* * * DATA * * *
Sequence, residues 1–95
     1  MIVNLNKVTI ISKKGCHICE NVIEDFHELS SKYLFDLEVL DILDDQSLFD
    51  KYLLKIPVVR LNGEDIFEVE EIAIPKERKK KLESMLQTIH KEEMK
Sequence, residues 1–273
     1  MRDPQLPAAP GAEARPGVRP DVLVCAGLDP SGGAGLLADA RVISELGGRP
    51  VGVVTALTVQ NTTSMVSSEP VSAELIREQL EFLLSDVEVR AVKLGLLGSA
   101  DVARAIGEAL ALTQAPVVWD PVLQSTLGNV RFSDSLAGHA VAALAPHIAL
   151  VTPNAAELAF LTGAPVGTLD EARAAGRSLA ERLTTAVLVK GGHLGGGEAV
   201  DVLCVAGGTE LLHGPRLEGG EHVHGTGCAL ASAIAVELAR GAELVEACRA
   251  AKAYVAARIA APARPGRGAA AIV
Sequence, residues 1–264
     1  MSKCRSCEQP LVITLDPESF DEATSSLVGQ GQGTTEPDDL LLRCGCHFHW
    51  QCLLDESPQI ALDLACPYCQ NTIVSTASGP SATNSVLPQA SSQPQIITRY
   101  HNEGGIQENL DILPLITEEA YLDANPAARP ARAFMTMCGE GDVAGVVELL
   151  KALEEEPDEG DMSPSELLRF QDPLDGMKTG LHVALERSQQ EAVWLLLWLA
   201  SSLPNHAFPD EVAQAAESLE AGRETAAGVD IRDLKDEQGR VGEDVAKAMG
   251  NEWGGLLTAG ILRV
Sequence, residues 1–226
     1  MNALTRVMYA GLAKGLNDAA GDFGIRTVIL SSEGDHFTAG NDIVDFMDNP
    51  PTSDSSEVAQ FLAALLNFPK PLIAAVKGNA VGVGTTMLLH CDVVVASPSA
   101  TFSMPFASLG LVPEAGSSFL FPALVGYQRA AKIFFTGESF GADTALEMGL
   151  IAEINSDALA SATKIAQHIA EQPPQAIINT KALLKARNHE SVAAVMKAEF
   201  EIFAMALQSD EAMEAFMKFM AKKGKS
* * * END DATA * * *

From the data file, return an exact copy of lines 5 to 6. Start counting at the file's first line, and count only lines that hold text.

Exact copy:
     1  MRDPQLPAAP GAEARPGVRP DVLVCAGLDP SGGAGLLADA RVISELGGRP
    51  VGVVTALTVQ NTTSMVSSEP VSAELIREQL EFLLSDVEVR AVKLGLLGSA